Patients who do have prescription coverage, on the other hand, usually pay a fixed co-payment. It may be higher for brand name or non-formulary drugs, but it has no actual relationship to the cost of the drug to the pharmacist or a cash patient. So if a company wanted to sell its new drug at a dramatically affordable price, most patients would still pay the higher “brand name” co-pay, and the drug might even be excluded from formularies if competitors offered rebates that overcame the cost differential to the insurer. And again, formulary tiers are being manipulated based on the cost of insuring the patient who needs particular drugs, not the cost of the drugs themselves. Not surprisingly, even drugs that advertise they are lower-priced are only a few dollars cheaper for comparable potency. It makes no economic sense to set prices aggressively low.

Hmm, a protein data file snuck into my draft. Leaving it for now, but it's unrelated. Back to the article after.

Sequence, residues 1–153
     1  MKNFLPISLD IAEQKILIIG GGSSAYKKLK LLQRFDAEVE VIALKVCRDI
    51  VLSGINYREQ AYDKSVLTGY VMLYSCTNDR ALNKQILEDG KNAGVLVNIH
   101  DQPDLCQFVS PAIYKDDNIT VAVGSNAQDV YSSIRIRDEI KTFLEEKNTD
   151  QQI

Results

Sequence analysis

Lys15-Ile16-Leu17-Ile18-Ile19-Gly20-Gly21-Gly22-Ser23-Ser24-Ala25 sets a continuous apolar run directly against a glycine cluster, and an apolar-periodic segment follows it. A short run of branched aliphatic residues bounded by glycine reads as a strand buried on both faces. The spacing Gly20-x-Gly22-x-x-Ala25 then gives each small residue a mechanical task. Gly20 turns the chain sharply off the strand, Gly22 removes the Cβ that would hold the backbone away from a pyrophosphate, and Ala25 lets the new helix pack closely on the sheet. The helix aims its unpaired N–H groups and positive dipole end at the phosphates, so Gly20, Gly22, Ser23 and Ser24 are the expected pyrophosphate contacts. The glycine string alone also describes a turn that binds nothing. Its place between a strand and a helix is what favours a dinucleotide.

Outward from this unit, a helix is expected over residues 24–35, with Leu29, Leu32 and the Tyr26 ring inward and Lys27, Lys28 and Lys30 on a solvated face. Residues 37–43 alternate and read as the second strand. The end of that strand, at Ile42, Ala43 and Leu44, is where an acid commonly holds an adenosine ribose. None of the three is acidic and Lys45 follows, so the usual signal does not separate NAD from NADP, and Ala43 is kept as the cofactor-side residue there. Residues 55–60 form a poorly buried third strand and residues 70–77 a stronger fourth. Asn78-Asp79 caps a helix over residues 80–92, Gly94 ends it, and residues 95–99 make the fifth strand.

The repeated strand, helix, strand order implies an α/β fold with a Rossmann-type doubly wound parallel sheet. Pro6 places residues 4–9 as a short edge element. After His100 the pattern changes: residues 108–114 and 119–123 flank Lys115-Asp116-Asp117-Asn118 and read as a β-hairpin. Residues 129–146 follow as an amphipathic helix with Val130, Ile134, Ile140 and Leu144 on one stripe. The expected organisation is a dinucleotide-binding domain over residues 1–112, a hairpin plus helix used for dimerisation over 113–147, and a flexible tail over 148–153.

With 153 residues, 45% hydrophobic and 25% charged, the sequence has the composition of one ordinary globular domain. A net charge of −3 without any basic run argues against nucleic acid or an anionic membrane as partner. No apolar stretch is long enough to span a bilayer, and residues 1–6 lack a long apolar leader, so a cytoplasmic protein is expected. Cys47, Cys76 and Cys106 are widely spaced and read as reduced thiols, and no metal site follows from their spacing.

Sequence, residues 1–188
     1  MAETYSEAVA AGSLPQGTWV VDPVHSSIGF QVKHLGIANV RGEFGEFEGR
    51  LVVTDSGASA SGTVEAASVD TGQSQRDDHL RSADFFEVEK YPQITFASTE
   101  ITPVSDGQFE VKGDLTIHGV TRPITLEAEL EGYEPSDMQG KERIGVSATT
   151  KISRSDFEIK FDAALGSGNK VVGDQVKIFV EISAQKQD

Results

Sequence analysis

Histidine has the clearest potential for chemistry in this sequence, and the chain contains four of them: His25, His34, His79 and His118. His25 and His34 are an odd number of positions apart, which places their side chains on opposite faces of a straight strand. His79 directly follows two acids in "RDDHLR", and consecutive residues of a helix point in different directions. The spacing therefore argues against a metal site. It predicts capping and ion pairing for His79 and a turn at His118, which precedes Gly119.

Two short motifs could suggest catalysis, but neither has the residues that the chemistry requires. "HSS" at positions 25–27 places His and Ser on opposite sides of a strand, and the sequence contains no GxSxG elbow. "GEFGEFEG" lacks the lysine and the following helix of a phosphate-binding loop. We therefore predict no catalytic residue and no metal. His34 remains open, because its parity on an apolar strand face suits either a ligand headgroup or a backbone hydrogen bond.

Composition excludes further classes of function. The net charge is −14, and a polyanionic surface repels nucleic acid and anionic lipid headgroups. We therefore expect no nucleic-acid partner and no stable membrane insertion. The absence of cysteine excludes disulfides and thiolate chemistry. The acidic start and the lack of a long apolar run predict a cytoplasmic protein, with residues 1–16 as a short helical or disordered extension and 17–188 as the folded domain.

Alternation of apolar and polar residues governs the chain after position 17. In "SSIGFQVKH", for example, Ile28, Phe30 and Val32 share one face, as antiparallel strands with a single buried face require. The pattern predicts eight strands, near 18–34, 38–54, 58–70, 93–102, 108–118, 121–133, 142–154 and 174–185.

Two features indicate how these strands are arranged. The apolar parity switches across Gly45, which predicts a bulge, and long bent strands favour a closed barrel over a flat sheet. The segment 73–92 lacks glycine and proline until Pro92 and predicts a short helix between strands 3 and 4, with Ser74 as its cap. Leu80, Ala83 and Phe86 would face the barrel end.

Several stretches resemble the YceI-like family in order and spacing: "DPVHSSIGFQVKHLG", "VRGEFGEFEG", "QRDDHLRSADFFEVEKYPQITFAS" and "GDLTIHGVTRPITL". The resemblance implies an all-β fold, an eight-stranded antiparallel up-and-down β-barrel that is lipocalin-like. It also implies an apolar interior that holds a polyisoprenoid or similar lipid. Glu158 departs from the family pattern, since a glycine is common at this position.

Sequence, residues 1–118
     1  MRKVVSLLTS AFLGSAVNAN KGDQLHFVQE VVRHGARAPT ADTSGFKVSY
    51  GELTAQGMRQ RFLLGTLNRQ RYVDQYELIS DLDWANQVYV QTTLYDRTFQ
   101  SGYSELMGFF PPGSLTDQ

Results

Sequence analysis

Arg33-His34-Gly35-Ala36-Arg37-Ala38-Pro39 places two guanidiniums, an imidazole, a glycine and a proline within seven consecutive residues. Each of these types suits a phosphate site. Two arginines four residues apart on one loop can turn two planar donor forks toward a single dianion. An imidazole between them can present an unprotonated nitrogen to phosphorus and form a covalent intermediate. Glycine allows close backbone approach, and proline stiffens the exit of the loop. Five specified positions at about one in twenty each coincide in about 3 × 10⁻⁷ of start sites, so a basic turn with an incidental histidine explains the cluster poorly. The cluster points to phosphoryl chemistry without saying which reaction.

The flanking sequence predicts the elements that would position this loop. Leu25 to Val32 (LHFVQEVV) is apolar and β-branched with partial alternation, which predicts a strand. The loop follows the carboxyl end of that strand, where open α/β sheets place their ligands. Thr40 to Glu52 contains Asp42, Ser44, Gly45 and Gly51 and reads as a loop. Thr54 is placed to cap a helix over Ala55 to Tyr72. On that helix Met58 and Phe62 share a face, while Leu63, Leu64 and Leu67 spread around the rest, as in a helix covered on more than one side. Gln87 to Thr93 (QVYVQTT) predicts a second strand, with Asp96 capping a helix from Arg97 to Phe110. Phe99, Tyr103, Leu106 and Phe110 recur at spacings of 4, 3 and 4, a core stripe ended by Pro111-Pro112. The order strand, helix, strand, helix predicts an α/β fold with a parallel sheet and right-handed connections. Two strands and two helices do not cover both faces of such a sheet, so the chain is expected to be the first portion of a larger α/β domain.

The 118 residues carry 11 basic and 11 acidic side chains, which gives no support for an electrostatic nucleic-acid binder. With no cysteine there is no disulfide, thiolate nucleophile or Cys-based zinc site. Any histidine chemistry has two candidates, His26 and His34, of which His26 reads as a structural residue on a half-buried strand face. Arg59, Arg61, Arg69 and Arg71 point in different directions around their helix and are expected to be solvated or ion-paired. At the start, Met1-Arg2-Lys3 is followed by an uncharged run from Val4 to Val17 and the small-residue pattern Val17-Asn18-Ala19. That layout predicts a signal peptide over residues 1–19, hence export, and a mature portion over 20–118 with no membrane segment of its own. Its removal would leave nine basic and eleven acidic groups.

Since the wholesale price has little effect on physician prescribing, drug companies feel the need to pump huge sums into marketing. Doctors like to think of themselves as skeptical and not susceptible to marketing — so it takes even more money to drum in the message.

How can physicians be sucked into this? Medical education is being squeezed by pressures on medical schools and physician practices to be more cost effective, to have their doctors generating more income seeing patients or doing corporate-sponsored research. (Ironically, some of that pressure comes from health insurers — who can’t control the price of patent-protected drugs as easily as they can the cost of hospital and physician reimbursement.) The time that used to be available for informal teaching of students and residents is gone. The result is that physicians hear again and again about the new products from marketing efforts. But they hear very little about the older drugs, with lower prices and established safety profiles, which the senior physicians are familiar with.